Strengths and weaknesses of acoustic pipe microphone systems in ephemeral, sandy, gravel-bed rivers

Kyle Stark, Daniel Cadol, David Varyu, Eran Halfi, Jonathan B. Laronne

Research output: Contribution to journalArticlepeer-review


We calibrated an acoustic pipe microphone system to monitor bedload flux in a sandy, gravel-bed ephemeral channel. Ours is a first attempt to test the limit of an acoustic surrogate bedload system in a channel with a high content of sand. Calibrations varied in quality; significant data subsetting was required to achieve R2 values >0.75. Several data quality issues had to be addressed: (1) apparent pulses, which occur when a sensor records an impulse from sediment impacting the surrounding substrate rather than directly impacting the sensor, were frequent, especially at higher signal amplifications. (2) The impact sensors were frequently covered by gravel sheets. This prompted the development of a cover detection protocol that rejected part of the impact sensor record when at least one sensor was partially or fully covered. (3) Because of the lack of sensor sensitivity to impacts of sand-sized particles, which was anticipated, and the considerable sand component of bedload in this channel, a grain size-limited bedload flux was estimated. This was accomplished by sampling the bedload captured by slot samplers and evaluating the variation of grain size with increasing flow strength. This considerably improved the results when compared to attempts at estimating the flux of the entire distribution of grain sizes. This calibration is a successful first attempt, though the impact sensors required several site-specific calibration steps. A universal set of equations using impact sensors to estimate bedload transport of fine-gravel with a large content of sand remains elusive. Notwithstanding, our study demonstrates the utility of impact sensor data, producing relatively low root mean square errors that are independent of measurements of flow strength (i.e. discharge). These tools will be particularly useful in settings that would benefit from new methodologies for estimating bedload transport in sand-rich gravel-bed rivers, such as the American desert Southwest.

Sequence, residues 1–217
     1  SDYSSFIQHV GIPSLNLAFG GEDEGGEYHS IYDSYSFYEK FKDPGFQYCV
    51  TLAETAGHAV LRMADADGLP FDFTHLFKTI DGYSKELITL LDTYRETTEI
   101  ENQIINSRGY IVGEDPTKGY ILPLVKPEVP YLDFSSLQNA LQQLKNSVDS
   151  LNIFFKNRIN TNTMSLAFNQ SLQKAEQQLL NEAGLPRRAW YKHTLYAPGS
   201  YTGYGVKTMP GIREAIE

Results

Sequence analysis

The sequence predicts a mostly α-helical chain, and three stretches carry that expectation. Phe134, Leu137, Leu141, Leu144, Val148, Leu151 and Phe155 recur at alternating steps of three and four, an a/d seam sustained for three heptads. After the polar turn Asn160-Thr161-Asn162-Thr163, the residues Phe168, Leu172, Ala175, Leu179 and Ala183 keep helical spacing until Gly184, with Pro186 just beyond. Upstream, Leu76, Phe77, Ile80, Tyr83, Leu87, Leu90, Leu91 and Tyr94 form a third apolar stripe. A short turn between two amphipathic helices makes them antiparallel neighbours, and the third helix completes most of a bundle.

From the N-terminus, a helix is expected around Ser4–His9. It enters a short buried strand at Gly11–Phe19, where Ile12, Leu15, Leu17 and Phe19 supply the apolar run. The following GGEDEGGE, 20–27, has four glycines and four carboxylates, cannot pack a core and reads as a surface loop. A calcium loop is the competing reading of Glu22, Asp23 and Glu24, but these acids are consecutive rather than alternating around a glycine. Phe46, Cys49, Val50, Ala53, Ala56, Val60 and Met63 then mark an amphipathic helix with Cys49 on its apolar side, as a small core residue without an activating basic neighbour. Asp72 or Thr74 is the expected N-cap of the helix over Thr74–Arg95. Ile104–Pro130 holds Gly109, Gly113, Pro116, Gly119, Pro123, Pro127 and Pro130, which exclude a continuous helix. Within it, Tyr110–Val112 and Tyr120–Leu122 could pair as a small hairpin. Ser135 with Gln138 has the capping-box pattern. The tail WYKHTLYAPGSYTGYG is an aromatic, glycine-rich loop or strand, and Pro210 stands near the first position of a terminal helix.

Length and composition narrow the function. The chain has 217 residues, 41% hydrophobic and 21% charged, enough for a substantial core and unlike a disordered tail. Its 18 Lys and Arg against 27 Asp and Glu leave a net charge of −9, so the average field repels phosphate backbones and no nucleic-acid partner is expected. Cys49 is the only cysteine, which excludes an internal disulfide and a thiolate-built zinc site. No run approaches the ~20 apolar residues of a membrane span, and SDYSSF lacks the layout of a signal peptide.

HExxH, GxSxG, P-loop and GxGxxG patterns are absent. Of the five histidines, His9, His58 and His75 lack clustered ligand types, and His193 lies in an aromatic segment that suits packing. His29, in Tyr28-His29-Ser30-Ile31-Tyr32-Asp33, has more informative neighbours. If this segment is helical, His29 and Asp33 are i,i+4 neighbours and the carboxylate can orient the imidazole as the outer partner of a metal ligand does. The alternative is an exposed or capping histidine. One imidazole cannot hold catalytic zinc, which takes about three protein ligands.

Original languageEnglish
Pages (from-to)1383-1396
Number of pages14
JournalEarth Surface Processes and Landforms
Issue number4
StatePublished - 30 Mar 2024


  • acoustic impact sensor
  • bedload
  • ephemeral channel
  • gravel-bed river
  • sand
  • surrogate

ASJC Scopus subject areas

  • Geography, Planning and Development
  • Earth-Surface Processes
  • Earth and Planetary Sciences (miscellaneous)


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